>I think that on this point your and my points-of-vision differ : If the
>processor can't execute it, I want to know !

If only you are sure the processor is going to execute it.
The instruction (or its "part") may be inserted on purpose
to cheat you ;-)

>Simply, because if the processor can't execute it, the programmer can't
>have written it (as part of an actually running program),

Some programmers can ;-) Moreover, they do it specially.
You're very right. Use an invalid opcode, follow it with whatever
you can make up and retrieve those bytes in an invalid opcode
handler to do some special processing. It's quite a well known
approach to extending the instruction set.
Robert
--
Robert AH Prins
XXXX@XXXXX.COM
 

Re:Re: Found something I could not explain while assembling a test-file ....

Vasya Pupkin < XXXX@XXXXX.COM >schreef in berichtnieuws
XXXX@XXXXX.COM ...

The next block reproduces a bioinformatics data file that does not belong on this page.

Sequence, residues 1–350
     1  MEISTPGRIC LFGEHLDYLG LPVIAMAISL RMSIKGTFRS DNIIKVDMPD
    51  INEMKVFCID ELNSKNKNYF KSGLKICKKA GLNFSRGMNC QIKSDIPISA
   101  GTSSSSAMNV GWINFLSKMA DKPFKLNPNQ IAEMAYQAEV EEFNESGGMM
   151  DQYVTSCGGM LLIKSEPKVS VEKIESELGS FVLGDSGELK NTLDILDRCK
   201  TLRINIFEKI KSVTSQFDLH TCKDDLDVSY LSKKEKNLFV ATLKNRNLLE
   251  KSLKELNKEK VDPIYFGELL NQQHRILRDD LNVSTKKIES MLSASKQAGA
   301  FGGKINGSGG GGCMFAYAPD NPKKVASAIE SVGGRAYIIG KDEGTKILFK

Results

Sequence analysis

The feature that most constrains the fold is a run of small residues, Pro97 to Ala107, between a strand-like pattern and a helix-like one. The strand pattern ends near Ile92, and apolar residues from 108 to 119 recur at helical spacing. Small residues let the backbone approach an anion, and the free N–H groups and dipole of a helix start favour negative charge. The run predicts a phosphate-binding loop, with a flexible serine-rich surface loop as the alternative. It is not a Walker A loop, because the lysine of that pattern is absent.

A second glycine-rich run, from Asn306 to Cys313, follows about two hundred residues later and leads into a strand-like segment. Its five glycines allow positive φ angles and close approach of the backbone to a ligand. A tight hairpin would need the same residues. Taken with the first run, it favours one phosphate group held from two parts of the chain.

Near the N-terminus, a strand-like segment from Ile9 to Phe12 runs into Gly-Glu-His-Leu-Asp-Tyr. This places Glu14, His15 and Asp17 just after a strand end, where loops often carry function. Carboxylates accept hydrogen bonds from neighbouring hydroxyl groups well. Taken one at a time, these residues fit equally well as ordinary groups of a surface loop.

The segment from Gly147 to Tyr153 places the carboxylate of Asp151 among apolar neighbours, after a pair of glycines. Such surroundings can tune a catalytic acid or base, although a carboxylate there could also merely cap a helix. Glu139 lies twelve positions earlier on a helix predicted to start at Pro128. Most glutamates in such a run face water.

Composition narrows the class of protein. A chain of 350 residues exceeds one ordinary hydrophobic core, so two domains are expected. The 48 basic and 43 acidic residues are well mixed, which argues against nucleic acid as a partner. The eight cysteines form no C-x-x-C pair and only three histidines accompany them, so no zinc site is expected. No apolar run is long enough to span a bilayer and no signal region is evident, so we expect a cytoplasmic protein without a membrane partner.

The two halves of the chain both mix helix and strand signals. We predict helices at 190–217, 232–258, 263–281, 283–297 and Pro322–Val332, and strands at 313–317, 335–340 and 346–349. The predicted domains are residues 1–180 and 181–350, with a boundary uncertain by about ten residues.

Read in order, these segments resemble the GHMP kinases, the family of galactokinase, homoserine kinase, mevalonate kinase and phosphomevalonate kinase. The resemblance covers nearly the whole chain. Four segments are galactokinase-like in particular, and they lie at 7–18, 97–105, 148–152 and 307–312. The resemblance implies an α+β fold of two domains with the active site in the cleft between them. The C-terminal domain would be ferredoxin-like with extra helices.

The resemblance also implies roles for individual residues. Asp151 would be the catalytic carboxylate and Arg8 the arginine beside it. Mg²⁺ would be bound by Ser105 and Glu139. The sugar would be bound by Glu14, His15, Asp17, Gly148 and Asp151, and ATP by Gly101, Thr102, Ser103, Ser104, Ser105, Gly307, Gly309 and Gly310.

Quote
Hi Rudy,
Hello Vasya,
Quote
>I think that on this point your and my points-of-vision differ : If the
>processor can't execute it, I want to know !

If only you are sure the processor is going to execute it.
The instruction (or its "part") may be inserted on purpose
to cheat you ;-)
Thanks for making my point :-) If/when I encounter such an instruction, I
can be sure that I've been conned (or have started at a wrong point).
Quote
>Simply, because if the processor can't execute it, the programmer can't
>have written it (as part of an actually running program),

Some programmers can ;-) Moreover, they do it specially.
Not as part of a *running* program they can't ! Or hey must have catched
the exeption, and use that to continue somewhere else.
Quote
>which would mean that seeing such an instruction would mean I'm
>out-of-sync.

No, this wouldn't mean anything. Sometimes you cannot know whether
partucular code will be executed or not. And that is often impossible to